A game that pasture farmers like to play is seeing how long they can keep their livestock grazing in winter without feeding any hay or grain. I have a feeling that if cows and sheep had the right of suffrage, they would vote this sport off the farm. They would rather loll in the barn in winter chewing on good clover hay than nosing under two inches of snow for half-frozen fescue.

Nevertheless, they will graze on winter grasses and rather dead clover if the snow isn’t too deep. Cornell experimenters, among others, say the foliage is nutritious enough. My sheep at this very moment in December seem to be quite content to eat red clover with a dusting of snow on it. Some of the clover is brown and gone to seed since October; some of it, from this year’s seeding, is still green in spite of 25 degree weather. Every day the sheep can graze without hay is money in the bank. (Actually, that expression is obsolete. Money in the bank today is worth about as much as a patch of dead thistles.)

Some of the best graziers in America are lawn manicurists who may have never seen a grazing animal. As far north as Cleveland, Ohio, where I often go visiting, I see grass in December almost as green as it was in May. When I tell the proprietors of these mini-meadows that they should be raising sheep, especially now when the price of lamb is so high only pro-sports players and oil executives can afford to eat it, they don’t look quite as strangely at me as they used to. Chickens, which would love to graze that grass, are once again taking their rightful place in the backyards of America, and it is only a matter of time before sheep will join them.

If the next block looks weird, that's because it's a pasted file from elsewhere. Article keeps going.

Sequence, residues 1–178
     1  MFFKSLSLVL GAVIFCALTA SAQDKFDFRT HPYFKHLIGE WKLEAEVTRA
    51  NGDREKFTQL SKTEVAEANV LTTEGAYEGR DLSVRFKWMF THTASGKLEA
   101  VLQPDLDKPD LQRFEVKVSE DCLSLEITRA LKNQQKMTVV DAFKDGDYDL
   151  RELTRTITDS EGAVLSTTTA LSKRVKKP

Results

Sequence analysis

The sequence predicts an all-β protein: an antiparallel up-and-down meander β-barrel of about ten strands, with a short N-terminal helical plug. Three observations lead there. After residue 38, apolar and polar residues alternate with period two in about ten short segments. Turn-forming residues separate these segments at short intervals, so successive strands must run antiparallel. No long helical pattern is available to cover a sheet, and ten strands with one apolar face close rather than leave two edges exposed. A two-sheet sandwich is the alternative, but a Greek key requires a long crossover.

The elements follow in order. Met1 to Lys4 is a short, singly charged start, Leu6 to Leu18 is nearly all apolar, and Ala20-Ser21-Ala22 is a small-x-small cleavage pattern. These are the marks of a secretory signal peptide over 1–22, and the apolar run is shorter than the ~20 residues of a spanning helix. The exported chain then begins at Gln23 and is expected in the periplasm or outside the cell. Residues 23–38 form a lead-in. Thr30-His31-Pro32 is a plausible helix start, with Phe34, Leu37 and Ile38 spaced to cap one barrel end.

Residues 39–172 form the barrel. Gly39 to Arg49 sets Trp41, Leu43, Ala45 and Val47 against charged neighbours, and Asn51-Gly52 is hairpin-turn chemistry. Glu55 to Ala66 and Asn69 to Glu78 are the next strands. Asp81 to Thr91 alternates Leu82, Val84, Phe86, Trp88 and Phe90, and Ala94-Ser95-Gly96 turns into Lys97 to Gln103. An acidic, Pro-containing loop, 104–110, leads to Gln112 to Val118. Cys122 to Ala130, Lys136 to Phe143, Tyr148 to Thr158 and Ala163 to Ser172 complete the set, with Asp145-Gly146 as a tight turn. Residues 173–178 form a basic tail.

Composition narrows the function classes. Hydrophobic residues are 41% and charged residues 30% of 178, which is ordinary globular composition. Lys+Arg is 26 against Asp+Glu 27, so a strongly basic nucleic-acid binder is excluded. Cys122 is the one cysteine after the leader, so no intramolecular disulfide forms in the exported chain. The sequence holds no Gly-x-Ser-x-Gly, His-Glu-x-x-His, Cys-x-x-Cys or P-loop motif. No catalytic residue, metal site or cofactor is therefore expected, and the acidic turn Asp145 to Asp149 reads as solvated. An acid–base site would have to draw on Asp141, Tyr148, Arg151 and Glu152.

The champion grazier of winter pasturing, so far as I know right now, is a rancher, the class of farmer that I jokingly maintain knows less about grass than the suburbanite. His name is Oren Long and he farms in Kansas. Oren and I go back a long way and we call each other occasionally to see if the other is still alive. Oren wins the don’t-feed-hay-until-you-have-to contest because he hasn’t been feeding any. He grazes all winter. The late Bob Evans of fast food sausage fame, who used to call me and hammer away about the advantages of year-round grazing, was the premier pioneer of pasture farming and he would be mighty proud of Oren. Oren’s beef cows graze fescue, red clover and assorted other grasses and weeds all winter. The most amazing part, to me, is not that he hasn’t been feeding any hay, but that by properly rotating the grazing so that half of the red clover acreage can go to seed before grazing it, he hasn’t had to do any seeding either. The cattle tramp the seeds into good contact with the soil as they graze and in that way do the annual seeding necessary to maintain red clover. They don’t charge Oren a cent.

“It isn’t really difficult to do what we’re doing,” he says. “But I have a hard time convincing other farmers that it works. We’ve all grown up out here in Kansas believing that you just have to have hay for cattle in the winter time. It is sort of like a religious belief.”

Ralph Rice, whom I call Superfarmer, sends me just today a photo of his sheep grazing snowy pastures on Dec. 3. What is remarkable about Ralph’s winter grazing is that he farms in northeastern Ohio where if you went to church on Easter wearing snowshoes, just in case, hardly anyone would raise an eyebrow. I don’t think either Ralph or I could go all winter like Oren does. Our winter climate is not as open as in his part of northeastern Kansas. There are weeks here when the snow is a foot deep or glazed over with ice. Oren says his cattle can poke down through even an icy glaze to get grass. Maybe my sheep are big sissies but they haven’t shown an inclination to cooperate that way. Or maybe I am spoiling them. Brad, my brother-in-law, says humorously that after he breaks down and feeds his sheep good hay in December “you have to almost drag them out to the pasture.”

Oren does concede that even in Kansas, one should have some emergency hay on hand just in case a really awful blizzard occurs. Or for severe drouth times. Interestingly, his permanent pastures seem to hold up better during mild drouth periods than farmed soils. The buffalo knew that too.